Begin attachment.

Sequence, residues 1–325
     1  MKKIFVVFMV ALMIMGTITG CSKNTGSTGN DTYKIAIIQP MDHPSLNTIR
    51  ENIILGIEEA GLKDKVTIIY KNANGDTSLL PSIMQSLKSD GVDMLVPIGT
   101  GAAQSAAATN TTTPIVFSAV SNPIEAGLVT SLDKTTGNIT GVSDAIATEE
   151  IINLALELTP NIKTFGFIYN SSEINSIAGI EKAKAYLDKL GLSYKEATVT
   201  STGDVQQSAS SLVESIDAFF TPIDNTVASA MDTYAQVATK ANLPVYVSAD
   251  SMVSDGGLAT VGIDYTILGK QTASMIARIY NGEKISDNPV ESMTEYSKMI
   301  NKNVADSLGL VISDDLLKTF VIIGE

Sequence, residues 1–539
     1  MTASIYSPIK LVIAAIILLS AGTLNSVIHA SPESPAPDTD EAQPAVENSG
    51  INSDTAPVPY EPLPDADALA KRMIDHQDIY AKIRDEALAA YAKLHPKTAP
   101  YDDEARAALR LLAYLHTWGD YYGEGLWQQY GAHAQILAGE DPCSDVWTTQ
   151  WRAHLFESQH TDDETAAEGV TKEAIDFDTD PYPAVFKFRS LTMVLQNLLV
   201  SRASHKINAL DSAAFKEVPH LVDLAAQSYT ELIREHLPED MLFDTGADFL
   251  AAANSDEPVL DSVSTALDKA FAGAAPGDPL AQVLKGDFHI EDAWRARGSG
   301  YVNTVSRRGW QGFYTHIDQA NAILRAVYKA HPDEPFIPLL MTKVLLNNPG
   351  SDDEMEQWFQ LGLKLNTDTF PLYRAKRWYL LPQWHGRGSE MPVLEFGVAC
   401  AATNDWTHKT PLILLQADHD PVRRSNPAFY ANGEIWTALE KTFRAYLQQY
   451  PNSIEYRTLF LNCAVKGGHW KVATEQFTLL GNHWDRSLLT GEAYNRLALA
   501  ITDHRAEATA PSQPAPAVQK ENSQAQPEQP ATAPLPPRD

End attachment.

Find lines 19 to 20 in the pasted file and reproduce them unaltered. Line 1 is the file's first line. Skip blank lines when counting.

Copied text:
   451  PNSIEYRTLF LNCAVKGGHW KVATEQFTLL GNHWDRSLLT GEAYNRLALA
   501  ITDHRAEATA PSQPAPAVQK ENSQAQPEQP ATAPLPPRD